7 Reasons not to Stiff on an Opportunity
As someone who conducts interviews and gets interviewed, not to mention places clients into interviews, I have ample opportunity to see first-hand the time and planning that is involved in coordinating such. There are many moving parts that the listener or viewer has no idea about when it comes to what has to happen for a guest to end up on a show.
In the end, however, it’s all worth it. There is exposure for the guest, and, the show has more content to deliver to its audience. Perhaps best of all is that it’s free publicity. So, why wouldn’t you take advantage of one or more that get extended your way? Say Yes and get the reps so that you become a pro at being a guest on a show, no matter its length. And once you do say Yes, make sure you show up! Here are seven reasons not to stiff on such an opportunity:
1) It shows that you’re not serious about your career, that you’re willing to pick and choose opportunities, especially, in this case, those that you’ve already committed to
2) The overwhelming majority of the people will not give you a second chance
3) I have repeated this point over and over in other blogs and on numerous podcast episodes. The music business truly is smaller than you think and so you never know who might know who. Thus, all it takes is one person to mention someone’s name and it turns out that they stiffed you and so you raise a red flag and now that person is going to have second thoughts about doing business or getting involved with that artist.
4) What if it’s a live television or radio show that you’re blowing off? Do you think that they will just automatically have something that they can just fill your slot with? No, they won’t, so, you’re really putting them in a jam. And now that host has to filibuster for the entire time or the producer has to scramble to find something they can stick in there.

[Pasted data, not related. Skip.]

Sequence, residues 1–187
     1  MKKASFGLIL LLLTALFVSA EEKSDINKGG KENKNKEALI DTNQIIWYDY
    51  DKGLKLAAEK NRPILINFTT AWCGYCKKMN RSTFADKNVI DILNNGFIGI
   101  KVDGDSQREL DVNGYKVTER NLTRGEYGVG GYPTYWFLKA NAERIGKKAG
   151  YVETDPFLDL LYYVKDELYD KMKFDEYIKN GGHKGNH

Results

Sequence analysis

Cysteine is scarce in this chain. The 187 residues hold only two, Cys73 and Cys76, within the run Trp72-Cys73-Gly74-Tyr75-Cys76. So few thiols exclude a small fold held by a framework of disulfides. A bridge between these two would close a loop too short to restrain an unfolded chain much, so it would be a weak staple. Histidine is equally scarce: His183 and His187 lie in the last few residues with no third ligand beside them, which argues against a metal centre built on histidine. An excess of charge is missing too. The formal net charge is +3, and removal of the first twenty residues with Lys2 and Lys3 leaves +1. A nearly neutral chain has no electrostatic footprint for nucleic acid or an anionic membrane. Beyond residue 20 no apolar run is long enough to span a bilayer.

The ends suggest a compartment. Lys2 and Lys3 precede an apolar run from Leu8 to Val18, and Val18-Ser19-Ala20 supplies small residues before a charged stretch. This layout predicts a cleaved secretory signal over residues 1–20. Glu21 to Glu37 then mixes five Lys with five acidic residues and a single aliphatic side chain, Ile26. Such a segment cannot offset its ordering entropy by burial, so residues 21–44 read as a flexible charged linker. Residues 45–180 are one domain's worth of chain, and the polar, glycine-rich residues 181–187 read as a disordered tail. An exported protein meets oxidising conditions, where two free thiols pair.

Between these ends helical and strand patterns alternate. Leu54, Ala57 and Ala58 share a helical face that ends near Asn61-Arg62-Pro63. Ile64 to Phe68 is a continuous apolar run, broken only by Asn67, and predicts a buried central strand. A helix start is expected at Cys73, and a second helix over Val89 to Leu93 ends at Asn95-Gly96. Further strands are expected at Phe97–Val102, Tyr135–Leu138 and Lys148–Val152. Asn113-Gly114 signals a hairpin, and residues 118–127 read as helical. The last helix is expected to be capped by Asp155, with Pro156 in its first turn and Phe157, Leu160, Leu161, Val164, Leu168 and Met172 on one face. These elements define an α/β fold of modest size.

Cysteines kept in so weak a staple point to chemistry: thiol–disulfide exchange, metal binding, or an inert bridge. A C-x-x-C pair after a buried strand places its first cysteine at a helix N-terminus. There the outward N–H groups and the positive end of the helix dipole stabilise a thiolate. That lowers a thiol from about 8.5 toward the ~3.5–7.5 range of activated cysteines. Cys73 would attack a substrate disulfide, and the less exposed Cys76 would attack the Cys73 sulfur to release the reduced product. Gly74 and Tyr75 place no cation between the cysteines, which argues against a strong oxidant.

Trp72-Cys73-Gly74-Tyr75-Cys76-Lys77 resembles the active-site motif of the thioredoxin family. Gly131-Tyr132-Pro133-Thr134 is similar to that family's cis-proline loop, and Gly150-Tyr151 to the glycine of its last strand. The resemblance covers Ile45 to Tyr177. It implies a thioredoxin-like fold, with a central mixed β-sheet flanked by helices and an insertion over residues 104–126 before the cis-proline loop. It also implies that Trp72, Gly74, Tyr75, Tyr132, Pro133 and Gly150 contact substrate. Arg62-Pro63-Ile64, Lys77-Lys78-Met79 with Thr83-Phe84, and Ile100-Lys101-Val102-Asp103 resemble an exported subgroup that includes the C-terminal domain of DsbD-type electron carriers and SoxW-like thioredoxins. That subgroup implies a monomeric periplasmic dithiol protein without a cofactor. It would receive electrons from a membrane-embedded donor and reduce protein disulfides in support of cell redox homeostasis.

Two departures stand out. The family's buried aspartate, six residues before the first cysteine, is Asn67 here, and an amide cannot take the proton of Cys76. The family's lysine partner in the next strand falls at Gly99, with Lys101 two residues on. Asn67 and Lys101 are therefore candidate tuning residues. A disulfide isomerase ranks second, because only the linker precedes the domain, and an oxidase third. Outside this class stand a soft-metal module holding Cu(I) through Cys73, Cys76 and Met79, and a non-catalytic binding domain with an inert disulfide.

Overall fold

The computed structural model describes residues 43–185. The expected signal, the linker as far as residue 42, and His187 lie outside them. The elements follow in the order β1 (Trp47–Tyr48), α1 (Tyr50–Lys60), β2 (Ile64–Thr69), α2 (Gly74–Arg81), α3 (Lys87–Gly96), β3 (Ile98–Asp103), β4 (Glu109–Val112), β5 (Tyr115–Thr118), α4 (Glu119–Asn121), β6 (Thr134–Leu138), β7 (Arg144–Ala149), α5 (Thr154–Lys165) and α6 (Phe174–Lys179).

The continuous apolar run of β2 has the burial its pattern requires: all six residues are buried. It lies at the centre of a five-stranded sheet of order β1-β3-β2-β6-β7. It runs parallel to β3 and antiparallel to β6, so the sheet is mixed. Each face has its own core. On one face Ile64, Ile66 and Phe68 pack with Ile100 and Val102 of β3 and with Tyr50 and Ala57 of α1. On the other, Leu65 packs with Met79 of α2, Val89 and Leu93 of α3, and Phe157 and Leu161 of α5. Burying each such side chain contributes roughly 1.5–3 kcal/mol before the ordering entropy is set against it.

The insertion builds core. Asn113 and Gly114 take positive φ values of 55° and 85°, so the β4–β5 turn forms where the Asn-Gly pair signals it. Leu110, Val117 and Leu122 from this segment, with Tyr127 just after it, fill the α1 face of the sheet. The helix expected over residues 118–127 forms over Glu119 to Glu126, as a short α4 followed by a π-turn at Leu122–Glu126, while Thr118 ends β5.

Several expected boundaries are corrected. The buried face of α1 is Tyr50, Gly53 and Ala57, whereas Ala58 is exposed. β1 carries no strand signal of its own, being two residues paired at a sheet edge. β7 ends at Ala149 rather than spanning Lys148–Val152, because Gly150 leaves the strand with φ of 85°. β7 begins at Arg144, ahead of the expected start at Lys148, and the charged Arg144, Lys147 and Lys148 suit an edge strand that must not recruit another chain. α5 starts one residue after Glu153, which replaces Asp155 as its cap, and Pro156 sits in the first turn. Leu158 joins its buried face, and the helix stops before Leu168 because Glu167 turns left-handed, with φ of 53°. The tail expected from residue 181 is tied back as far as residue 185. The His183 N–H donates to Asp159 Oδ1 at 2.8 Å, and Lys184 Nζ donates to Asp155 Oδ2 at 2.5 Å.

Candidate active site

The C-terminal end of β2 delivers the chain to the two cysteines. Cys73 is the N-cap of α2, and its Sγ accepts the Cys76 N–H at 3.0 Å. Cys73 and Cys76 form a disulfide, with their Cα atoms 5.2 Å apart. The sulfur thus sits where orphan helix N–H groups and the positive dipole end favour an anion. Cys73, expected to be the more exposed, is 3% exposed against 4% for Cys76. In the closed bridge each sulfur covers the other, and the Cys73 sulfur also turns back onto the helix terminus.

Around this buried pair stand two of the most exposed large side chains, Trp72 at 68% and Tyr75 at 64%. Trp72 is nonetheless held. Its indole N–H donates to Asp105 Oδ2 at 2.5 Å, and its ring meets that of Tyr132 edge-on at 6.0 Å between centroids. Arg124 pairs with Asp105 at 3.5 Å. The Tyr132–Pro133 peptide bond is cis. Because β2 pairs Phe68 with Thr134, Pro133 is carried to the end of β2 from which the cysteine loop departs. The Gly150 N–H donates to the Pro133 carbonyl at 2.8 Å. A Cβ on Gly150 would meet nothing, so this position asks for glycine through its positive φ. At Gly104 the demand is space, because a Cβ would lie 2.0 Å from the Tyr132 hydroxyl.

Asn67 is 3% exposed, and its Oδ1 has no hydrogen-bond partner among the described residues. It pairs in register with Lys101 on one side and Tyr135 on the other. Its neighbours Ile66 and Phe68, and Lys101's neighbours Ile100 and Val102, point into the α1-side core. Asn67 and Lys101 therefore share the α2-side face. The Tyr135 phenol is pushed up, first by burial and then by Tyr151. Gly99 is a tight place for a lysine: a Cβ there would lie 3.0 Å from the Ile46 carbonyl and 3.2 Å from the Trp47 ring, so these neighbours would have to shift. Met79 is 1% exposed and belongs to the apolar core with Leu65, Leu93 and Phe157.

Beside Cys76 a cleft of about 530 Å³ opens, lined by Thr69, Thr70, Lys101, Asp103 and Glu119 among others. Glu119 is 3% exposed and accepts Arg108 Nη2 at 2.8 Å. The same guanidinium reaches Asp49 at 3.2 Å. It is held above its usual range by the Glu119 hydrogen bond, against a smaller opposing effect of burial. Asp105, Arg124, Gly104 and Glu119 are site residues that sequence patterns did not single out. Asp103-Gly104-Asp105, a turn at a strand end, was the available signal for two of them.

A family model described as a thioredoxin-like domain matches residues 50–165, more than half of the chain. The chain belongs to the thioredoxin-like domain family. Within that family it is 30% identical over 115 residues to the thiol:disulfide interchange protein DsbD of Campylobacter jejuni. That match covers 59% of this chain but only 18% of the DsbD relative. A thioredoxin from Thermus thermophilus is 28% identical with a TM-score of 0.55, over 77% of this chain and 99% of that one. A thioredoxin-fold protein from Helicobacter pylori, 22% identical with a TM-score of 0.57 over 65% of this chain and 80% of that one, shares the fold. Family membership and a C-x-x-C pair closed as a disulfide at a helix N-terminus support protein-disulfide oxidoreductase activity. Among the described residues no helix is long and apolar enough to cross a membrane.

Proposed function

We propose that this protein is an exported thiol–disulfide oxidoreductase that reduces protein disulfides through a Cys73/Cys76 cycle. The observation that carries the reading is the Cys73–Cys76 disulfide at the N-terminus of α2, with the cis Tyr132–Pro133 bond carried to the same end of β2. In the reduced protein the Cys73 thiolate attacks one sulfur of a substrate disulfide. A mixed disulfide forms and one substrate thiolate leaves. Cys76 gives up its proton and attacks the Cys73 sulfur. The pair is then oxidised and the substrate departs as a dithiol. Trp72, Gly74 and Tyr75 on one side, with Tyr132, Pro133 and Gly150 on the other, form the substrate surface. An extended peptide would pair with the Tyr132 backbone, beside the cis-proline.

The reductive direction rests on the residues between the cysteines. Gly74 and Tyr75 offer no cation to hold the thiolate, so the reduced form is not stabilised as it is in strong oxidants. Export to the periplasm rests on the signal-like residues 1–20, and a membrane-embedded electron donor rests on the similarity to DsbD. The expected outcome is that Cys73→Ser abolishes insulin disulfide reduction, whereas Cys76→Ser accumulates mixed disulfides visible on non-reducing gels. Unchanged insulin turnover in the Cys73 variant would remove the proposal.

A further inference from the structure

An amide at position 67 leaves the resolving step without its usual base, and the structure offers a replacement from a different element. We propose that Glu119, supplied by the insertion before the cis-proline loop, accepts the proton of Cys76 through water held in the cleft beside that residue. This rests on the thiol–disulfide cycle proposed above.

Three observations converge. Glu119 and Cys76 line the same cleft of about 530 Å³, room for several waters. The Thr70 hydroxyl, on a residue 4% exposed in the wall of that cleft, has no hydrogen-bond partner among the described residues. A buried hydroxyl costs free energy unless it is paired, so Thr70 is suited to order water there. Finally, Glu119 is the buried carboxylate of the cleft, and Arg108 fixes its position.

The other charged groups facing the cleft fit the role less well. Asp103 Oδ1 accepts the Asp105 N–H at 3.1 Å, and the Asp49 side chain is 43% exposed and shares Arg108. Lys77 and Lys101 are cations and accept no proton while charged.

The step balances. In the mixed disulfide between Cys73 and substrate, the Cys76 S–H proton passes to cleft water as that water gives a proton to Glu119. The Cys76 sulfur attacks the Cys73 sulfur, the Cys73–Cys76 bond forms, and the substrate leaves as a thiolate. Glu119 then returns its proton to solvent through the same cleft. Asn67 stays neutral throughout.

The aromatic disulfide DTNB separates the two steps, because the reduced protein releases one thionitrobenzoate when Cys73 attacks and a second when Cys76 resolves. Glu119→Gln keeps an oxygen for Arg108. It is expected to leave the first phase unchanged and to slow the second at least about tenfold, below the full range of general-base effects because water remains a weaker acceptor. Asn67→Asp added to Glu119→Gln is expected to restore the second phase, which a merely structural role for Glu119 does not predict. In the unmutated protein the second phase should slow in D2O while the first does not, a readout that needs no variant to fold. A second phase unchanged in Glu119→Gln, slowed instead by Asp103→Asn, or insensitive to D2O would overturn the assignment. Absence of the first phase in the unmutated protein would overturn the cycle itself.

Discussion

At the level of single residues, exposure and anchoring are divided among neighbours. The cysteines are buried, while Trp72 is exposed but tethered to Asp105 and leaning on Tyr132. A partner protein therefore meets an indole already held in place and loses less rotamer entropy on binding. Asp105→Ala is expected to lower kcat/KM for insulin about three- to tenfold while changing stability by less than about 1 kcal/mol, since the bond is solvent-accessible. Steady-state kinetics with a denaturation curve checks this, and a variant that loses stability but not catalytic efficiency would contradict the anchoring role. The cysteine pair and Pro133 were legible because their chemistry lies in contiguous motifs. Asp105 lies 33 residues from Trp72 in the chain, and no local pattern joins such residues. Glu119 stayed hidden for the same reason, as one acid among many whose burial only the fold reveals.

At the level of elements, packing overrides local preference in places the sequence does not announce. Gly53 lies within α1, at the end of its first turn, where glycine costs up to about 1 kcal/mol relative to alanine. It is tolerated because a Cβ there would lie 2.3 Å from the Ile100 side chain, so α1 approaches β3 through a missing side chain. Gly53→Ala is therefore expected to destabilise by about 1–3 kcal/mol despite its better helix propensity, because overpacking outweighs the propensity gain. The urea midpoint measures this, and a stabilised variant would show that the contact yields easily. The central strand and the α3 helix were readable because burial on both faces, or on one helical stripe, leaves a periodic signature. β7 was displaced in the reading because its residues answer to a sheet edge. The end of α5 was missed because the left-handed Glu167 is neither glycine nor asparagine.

5) In the event that it’s a recorded interview, such as a podcast or a TV show that tapes in advance, you don’t know that their schedule isn’t dependent on you doing that interview that day. You don’t know that they do or don’t already have content in the can, meaning, you don’t know that you’re not throwing off their schedule, putting in jeopardy them releasing on-time.
6) It flat out shows disrespect for the person that you are standing up.
7) In general it just puts a red flag next to your name. It’s another case of “you only have one chance to make a good first impression.” Anytime someone hears or comes across your name they’re going to remember you for something bad.
Fortunately these lists of people who stiff on a particular show are short, but, that’s not the type of exclusive company that you want to be in. Stick to your commitments.
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